- The book details the intrigues in the heady days leading up to Mr Odinga’s controversial swearing-in on January 30, 2018.
The former vice-president writes of a heated meeting in Athi River a day after the ‘Handshake’ during which other Nasa principals took Mr Odinga to task over the secrecy around the development.
ODM leader Raila Odinga agreed to work with President Uhuru Kenyatta under the famous March 9 ‘handshake’ as a result of pressure from Western nations and financial woes, ANC leader Musalia Mudavadi has said.
Mr Mudavadi claims in a new book that Mr Odinga had been banned from visiting many countries, including a key Western nation, and was particularly worried about what the US’s next course of action would be.
Mr Mudavadi, who was Mr Odinga’s chief campaigner in the 2017 election, claims the pact was shrouded in secrecy and that days before it, he and the other Nasa principals – Kalonzo Musyoka and Moses Wetang’ula – had met the ODM leader, who did not drop any hint about the negotiations with President Kenyatta.
It was in the meeting, however, that he spoke of the pressure from the foreign nations.
“Raila also mentioned to us at this meeting that he had received letters of cancellation of his visas by various foreign missions in Kenya. He showed us a copy of one such letter he had received from a leading western mission,” Mr Mudavadi writes in the autobiography, Soaring Above the Storms of Passion.
The book, authored with his long-time ally and ANC Secretary-General Barrack Muluka, and published by The Mudavadi Memorial Foundation Trust Fund in association with Midas Touch Media Limited, also details the intrigues in the heady days leading up to Mr Odinga’s controversial swearing-in on January 30, 2018.
On the visa blockades, Mr Mudavadi writes that Mr Odinga asked him to cross-check with other missions whether they were aware of this development and what their countries’ governments were thinking. “I cross-checked with Ambassador (Robert) Godec, who affirmed that he was aware of the developments …”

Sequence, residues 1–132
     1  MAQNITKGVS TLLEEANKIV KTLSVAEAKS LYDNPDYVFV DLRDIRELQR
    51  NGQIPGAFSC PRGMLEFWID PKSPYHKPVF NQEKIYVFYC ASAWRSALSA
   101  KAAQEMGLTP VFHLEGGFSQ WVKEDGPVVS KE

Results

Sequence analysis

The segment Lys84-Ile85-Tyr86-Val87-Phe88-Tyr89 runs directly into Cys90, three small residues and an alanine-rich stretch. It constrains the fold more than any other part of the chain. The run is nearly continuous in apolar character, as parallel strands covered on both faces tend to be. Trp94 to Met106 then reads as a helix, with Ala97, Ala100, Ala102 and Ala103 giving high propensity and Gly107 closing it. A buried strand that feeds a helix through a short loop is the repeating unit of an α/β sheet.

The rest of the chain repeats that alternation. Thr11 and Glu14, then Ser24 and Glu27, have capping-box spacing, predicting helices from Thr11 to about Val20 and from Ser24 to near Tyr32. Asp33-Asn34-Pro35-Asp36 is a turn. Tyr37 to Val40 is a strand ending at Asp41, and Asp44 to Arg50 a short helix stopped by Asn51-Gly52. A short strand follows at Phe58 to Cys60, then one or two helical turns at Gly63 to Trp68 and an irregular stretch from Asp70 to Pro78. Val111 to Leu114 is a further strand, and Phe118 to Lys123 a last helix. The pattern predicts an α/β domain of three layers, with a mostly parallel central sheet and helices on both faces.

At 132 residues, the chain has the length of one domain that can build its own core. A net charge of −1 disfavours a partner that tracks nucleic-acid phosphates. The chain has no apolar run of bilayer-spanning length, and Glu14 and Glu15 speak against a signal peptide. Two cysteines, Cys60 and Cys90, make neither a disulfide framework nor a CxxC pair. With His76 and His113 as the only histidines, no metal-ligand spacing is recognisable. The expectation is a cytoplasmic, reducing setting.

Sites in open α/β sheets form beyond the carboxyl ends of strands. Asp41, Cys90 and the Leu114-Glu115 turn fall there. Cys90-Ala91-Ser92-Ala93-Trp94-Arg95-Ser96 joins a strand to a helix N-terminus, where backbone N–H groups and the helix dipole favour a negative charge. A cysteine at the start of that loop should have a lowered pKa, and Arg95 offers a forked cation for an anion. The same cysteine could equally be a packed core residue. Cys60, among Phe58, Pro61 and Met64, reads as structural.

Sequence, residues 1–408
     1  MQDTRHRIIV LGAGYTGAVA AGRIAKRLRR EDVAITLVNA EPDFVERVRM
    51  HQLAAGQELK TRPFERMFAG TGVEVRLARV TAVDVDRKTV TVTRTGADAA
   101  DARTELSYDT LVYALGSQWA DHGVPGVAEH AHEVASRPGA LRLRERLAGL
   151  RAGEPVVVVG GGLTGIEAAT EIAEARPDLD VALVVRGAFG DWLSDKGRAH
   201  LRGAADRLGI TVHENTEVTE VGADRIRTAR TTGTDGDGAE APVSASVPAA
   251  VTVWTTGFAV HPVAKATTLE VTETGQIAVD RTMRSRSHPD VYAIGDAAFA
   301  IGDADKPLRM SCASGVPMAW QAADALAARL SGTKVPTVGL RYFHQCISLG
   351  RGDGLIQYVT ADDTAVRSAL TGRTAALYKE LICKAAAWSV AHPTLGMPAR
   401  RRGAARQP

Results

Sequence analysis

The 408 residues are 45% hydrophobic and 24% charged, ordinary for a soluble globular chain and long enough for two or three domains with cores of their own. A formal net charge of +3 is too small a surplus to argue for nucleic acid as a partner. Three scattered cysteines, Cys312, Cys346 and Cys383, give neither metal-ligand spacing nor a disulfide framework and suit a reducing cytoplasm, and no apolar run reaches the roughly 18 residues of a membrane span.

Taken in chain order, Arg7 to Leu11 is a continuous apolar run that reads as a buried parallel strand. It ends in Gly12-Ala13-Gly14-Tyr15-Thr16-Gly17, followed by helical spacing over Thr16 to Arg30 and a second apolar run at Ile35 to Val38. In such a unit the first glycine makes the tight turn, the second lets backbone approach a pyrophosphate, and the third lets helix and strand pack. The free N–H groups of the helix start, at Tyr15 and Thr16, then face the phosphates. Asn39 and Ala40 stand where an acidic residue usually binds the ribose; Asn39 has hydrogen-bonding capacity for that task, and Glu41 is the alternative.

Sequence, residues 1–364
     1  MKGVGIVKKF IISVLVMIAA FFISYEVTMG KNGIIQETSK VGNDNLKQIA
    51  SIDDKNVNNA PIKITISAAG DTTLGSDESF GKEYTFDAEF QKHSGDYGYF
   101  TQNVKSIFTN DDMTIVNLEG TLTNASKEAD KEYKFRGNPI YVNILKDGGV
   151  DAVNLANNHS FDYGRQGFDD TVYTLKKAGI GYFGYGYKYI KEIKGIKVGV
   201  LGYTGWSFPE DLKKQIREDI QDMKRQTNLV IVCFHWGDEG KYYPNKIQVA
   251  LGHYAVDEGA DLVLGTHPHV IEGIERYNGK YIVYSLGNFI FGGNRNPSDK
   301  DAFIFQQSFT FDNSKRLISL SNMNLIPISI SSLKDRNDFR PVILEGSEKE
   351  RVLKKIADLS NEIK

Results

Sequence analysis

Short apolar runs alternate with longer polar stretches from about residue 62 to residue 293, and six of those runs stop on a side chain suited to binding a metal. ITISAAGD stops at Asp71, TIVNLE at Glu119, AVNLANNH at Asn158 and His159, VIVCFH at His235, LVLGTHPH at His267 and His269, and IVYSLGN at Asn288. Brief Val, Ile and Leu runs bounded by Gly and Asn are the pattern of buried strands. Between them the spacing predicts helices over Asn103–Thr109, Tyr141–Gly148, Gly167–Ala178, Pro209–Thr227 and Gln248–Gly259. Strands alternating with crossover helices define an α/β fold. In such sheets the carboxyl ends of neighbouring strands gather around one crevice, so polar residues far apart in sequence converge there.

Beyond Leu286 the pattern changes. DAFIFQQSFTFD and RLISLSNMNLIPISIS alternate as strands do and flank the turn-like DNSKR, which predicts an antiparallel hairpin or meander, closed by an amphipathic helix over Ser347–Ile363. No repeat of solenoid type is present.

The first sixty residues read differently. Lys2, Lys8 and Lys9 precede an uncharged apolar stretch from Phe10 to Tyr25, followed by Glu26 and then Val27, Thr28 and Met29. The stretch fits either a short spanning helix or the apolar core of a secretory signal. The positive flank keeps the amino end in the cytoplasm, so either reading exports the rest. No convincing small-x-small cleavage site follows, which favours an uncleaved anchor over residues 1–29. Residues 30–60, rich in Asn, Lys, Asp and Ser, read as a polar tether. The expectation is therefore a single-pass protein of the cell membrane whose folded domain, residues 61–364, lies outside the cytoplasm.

The former vice-president also writes of a heated meeting in Athi River a day after the ‘Handshake’ during which other Nasa principals took Mr Odinga to task over the secrecy around the development.
“In this conversation, we also learnt that the visa embargo seemed to have covered many other people,” Mr Mudavadi writes in the memoirs that delve into every epoch in his political career spanning 30 years.
Mr Mudavadi also details the financial woes Mr Odinga’s party was in, suggesting this might have been another reason for the latter’s abandonment of his hardline opposition cause.
The ANC leader also suggests that the numerous litigations against a number of Nasa supporters and “other allied pressures” – which he doesn’t name – might have been too much for Mr Odinga.
“We learnt that the financial capacity to handle these cases was not there. Basically the situation was becoming unbearable,” Mr Mudavadi writes.
He says he was on his way to Mombasa when Vihiga Senator George Khaniri called him frantically, alerting him about the ‘Handshake’ on the steps of Harambee House, the President’s office.
“A flurry of other phone calls flowed in. Kalonzo called me to ask if I was aware of what was going on. I told him I was unaware.”
He says pressure mounted on him from a wide range of callers, who wanted to know what was going on, “bearing in mind that I had been the chief campaigner.”
“They wanted to know whether we were now going into a coalition government with Jubilee.”
Mr Mudavadi says the swearing-in went against what the rest of the principals believed in and was also in defiance of the caution by world and regional leaders, advice that was given in telephone conversations and in meetings.
“The first one was Raila’s office at Capitol Hill, where we met with foreign diplomats accredited to Kenya, religious leaders and leaders from the business community. They pleaded with us not to carry on with the swearing-in plans,” Mudavadi writes.
He says the second meeting was held at the American Ambassador’s residence. “Also present at this meeting was the Acting Assistant Secretary of State for African Affairs, Donald Yamamoto. There was also Howard from the Security Adviser’s Desk in the White House and Ambassador Robert Godec.”